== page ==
Kenneth Cagle died of a heart attack on Oct. 13. The football team rallied around Hunter during his time of need, and at home, he was forced to step in and help his family as they all grieved.
Whenever Hunter gets excited or proud about something, he’ll visit his father’s grave. With how close the two were, Hunter’s mother, Carolyn, was afraid that he wouldn’t have anyone to express his emotions to. He’s found other people to go to, though.
“That was my biggest fear, because they talked and talked and talked,” Carolyn Cagle said. “I was afraid I wasn't going to be able to fill those shoes, but he does come to me. We talk and it's been nice. I'm glad I've been able to be there for him.”
While Hunter was still mourning his loss, his final high school pole vaulting season approached. Still recovering from his injury, he’s tried to find ways to preserve his knee for region and sectionals. He comes to meets later than he used to, and has limited his jumps to around four or five, as opposed to around 10 before the injury. He used to land on his feet a lot if he had bad vault, but now he falls on his back.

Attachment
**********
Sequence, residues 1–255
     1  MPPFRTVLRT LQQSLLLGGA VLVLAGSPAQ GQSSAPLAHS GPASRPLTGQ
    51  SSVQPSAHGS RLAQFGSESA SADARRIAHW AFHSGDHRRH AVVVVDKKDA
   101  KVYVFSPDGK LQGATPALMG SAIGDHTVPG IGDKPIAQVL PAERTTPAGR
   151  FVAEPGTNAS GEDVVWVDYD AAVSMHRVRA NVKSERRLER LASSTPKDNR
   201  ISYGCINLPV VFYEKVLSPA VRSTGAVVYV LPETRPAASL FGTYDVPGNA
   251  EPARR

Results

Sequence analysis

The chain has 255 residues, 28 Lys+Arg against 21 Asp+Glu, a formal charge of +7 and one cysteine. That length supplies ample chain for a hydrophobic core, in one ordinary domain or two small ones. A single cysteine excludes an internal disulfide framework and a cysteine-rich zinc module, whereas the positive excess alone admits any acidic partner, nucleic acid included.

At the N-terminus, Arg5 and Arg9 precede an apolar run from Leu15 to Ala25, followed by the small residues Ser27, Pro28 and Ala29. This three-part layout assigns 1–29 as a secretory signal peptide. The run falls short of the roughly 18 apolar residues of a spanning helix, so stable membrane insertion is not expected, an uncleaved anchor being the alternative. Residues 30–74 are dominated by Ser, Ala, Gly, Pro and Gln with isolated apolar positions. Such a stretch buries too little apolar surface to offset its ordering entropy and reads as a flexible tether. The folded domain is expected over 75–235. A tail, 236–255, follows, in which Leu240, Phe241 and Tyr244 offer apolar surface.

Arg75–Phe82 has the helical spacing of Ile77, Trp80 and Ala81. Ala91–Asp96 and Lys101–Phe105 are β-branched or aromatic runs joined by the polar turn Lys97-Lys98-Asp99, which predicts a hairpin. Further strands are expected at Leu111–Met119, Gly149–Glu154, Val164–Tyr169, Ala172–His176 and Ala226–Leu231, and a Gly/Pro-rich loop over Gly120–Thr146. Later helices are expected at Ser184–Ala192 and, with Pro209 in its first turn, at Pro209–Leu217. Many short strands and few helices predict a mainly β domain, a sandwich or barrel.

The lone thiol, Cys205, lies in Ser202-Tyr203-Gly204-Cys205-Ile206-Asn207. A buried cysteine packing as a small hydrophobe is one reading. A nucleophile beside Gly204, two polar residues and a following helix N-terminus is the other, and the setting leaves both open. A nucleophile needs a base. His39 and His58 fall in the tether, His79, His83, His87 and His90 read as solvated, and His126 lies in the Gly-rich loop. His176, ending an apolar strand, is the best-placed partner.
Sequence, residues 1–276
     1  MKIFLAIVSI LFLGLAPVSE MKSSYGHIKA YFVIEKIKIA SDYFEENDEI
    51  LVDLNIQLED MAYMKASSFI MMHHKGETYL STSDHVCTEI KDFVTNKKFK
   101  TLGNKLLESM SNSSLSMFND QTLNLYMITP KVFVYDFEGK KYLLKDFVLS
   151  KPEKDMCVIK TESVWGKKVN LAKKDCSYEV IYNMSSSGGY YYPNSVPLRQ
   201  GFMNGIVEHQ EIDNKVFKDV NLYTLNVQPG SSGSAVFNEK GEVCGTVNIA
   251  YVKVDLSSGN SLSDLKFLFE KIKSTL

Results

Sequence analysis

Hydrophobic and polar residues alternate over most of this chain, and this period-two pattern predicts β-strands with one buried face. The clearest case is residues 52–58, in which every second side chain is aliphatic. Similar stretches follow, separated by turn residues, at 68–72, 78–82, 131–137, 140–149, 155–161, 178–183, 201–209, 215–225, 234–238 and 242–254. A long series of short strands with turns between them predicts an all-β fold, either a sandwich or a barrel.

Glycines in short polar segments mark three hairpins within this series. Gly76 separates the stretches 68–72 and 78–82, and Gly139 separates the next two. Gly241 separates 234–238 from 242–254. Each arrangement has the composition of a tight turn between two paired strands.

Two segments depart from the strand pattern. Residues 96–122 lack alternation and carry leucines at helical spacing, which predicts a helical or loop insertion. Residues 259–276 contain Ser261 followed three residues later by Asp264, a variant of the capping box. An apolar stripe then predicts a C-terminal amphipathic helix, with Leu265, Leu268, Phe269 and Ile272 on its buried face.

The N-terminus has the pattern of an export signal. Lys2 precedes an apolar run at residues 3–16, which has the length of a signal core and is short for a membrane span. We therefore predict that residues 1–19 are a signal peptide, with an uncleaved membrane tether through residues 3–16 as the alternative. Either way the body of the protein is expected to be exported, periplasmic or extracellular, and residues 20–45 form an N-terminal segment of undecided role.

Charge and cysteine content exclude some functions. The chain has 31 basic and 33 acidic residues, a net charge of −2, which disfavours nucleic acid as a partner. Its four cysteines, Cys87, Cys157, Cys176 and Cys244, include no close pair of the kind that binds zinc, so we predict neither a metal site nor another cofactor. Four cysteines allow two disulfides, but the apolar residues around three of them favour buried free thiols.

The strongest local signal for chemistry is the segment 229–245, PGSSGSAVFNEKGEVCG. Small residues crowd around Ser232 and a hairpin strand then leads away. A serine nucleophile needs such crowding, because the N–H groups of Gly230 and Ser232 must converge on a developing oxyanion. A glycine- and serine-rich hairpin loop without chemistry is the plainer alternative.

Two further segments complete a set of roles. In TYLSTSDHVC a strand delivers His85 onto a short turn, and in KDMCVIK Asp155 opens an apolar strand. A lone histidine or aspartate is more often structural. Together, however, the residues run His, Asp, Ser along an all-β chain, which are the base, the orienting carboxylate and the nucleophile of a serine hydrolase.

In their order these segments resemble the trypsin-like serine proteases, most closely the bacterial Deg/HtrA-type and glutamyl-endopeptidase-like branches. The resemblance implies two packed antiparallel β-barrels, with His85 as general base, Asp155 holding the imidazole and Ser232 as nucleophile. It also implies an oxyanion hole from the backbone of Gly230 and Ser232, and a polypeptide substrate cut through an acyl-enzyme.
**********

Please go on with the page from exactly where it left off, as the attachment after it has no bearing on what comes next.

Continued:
Before his injury, Cagle had four college offers, which all vanished when he got hurt. Still, in the back of his mind, he already knew he was leaning towards LSU, his dream school. He’s already enrolled there and plans to attempt walk on to the track and football teams.
While his knee is still not 100 percent, Cagle’s still better in his current state than a lot of vaulters are at full strength. The Bulldogs feel like he could surprise some people, and he hopes Wednesday’s regional meet is the beginning of a run that would make his late father proud.
“To me, Hunter epitomizes (the) FC,” Central track and field coach Scott Walker said. “He's strong, he's gutty, he's smart, he's committed, and no matter what obstacle's thrown at him, he's going to overcome it. That kid's had a lot thrown at him this year.
“He's kind of like that old dog that's laying in the weeds (that) people have forgotten about. He's going to bite a few people, I guarantee you.”